Longevity is a concern for the government and the pensions industry alike, but a considered approach is needed, says Sara Benwell

In its election manifesto, the Conservative Government promised at least £8bn in additional funding for the NHS every year until 2020.

What, you may ask, does this have to do with pensions?

In the same manifesto the party guaranteed no increases in VAT, National Insurance contributions or Income Tax. The best bet, therefore, on where this magical £8bn is going to come from, is pensions.

The triple-lock is in place for at least the next five years (at least for the basic state pension), so the obvious contenders for a pensions raid are an increase in the state pension age or more reduction in lifetime and annual allowances.

Both are problematic, but the one that worries me most is the state pension age. That isn’t to say that a small increase in pension age, say from 68 – 70, is necessarily a disaster. But this is the kind of tinkering that is often ill-thought-out, and can have severe consequences.

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For instance, whether or not you are able to continue working in your 70s and 80s depends largely on what kind of job you do. As Malcolm McLean, senior consultant at Barnett Waddingham, puts it: “If you’re on a pneumatic drill or up a ladder cleaning windows, you’re not in the same situation as someone who works in an office.”

Quite simply, a lot of jobs that involve heavy manual labour are out.

McLean thinks one potential solution could be for the government to organise retraining for manual workers who want to stay in employment, to help them find less physically demanding jobs.

Office workers aren’t really safe either”

Of course, office workers aren’t really safe either. Over 800,000 people in the UK suffer from some form of dementia, a condition that most often occurs in those over 65. Certainly my job as a journalist would be no longer possible if I suffered from such a disease.

There are further implications for those outside of the older generation. Youth unemployment is currently at its worst rate in 20 years; it has been running at 14.4%, compared to 5.7% of the total working population, according to the Office for National Statistics (ONS).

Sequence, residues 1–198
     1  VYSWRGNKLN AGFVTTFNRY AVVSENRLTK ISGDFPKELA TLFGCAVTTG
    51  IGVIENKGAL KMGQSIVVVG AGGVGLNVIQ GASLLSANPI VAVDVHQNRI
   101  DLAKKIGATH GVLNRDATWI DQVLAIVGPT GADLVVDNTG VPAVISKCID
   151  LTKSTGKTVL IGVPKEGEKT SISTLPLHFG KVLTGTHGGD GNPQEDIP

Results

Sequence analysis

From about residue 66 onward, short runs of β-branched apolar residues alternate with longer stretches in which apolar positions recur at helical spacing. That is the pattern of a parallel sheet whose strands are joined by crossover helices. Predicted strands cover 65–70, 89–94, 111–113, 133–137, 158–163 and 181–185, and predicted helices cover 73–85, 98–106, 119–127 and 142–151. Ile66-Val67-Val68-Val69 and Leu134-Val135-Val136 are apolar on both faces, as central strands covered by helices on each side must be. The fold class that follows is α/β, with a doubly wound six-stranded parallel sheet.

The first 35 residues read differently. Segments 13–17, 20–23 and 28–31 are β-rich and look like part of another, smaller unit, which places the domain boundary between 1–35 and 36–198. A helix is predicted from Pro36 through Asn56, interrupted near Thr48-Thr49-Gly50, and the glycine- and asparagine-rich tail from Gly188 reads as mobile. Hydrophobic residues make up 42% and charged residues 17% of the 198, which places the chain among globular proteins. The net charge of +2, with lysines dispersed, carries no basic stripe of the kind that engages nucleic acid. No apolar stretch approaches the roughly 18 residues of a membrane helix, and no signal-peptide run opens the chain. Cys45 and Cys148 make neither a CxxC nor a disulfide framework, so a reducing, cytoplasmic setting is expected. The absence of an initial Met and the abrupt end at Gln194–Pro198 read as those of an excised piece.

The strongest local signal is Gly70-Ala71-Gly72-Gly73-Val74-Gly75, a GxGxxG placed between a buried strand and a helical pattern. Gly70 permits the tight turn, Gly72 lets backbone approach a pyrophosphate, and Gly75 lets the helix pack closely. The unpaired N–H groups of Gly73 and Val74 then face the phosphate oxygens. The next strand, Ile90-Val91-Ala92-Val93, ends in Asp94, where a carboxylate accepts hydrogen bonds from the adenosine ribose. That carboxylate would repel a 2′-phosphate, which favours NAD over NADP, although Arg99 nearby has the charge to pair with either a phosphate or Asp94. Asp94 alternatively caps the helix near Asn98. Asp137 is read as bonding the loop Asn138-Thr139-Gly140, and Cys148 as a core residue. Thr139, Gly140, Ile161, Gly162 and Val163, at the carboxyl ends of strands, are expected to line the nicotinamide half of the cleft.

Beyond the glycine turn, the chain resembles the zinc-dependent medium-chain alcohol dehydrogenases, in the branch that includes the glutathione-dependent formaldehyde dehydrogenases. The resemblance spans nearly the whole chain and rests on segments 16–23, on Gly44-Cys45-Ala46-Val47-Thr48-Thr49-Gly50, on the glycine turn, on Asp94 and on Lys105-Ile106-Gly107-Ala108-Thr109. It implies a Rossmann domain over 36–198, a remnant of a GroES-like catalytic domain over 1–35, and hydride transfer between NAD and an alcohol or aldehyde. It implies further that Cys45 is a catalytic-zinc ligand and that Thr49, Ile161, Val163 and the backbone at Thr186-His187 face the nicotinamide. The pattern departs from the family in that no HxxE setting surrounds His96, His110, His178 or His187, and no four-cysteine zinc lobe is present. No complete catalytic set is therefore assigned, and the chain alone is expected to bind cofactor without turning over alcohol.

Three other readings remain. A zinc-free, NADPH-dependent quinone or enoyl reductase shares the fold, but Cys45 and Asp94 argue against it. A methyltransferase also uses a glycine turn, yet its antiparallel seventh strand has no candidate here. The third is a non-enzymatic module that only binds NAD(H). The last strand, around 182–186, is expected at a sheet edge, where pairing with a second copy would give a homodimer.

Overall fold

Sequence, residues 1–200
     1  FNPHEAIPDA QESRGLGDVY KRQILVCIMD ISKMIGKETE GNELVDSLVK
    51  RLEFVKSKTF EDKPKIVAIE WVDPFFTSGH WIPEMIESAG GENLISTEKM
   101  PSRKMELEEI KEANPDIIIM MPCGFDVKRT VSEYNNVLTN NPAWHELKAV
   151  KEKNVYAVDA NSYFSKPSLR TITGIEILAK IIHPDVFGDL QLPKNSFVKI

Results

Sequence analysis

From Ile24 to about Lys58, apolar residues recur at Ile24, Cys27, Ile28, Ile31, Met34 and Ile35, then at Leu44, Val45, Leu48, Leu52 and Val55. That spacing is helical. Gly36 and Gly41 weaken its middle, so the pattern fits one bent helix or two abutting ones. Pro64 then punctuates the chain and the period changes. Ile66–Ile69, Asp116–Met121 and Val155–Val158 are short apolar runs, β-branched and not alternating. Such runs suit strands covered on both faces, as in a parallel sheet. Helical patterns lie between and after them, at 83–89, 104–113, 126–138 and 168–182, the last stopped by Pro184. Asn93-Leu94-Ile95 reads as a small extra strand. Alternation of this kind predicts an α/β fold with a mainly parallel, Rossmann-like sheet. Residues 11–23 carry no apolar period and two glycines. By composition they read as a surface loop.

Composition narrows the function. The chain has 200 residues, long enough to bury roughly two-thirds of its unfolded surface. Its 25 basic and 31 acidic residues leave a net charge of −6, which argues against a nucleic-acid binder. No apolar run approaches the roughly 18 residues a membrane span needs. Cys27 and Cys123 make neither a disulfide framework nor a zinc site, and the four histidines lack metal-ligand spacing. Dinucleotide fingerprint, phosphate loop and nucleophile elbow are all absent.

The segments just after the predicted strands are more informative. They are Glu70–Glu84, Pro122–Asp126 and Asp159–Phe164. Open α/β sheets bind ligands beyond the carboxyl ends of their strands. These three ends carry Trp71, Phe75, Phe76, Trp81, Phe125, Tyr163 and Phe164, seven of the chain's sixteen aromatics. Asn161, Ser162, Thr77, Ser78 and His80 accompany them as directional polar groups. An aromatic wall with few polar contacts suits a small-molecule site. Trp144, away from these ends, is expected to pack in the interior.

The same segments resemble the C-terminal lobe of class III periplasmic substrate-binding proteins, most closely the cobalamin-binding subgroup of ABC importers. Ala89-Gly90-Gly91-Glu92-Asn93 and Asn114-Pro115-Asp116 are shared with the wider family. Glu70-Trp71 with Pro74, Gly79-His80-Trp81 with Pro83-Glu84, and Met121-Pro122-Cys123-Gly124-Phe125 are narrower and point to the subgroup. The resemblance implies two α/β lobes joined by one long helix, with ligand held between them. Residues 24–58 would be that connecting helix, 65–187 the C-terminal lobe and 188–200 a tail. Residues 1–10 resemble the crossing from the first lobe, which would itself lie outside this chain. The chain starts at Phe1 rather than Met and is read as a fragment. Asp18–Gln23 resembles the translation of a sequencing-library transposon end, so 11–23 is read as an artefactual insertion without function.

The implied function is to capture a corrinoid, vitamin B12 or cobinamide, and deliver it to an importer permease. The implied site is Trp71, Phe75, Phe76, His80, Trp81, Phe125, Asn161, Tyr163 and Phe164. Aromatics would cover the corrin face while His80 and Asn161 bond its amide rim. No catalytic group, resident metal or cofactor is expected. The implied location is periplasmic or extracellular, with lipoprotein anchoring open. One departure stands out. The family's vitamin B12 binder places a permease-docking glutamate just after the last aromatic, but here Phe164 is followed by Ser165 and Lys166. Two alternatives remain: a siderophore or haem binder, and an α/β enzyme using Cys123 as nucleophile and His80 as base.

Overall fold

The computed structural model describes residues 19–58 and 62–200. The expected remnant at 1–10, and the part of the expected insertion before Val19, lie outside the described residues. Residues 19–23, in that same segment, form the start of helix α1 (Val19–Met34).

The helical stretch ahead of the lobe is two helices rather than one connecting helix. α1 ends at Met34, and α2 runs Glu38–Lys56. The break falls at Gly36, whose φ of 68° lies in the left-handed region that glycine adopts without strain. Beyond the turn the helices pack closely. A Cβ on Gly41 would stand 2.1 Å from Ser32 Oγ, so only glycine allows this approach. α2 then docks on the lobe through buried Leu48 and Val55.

Many argue that the rise of senior workers should not impact the number of young people out of work, but McLean disagrees. “I find it difficult to accept the argument that people staying on past retirement doesn’t hurt young people.

Men in Glasgow would justifiably be very concerned at further rises

“The reality is when you see these older people on checkouts at supermarkets and B&Q, they’re doing jobs that young unemployed people could do.”

Another potential issue comes from the huge variation on longevity depending on where in the country you live. Men in Glasgow, whose longevity is estimated at just 71 by the ONS, would justifiably be very concerned at any further rises. Regional state pension ages would be fraught with difficulties, but longevity variation does throw into sharp relief, the importance of a long-term, measured plan.

Longevity is a problem that both the government and the pensions industry desperately needs to address, but any decision needs to be properly considered. We definitely don’t need a state pension age that rises every time a government needs to fund an expensive election promise.

If the industry gets the independent retirement commission it has long hoped for, the future of the state pension age should be high up its agenda.

Otherwise we’ll be working well into our 100s, to fuel the whims of election-frenzied politicians.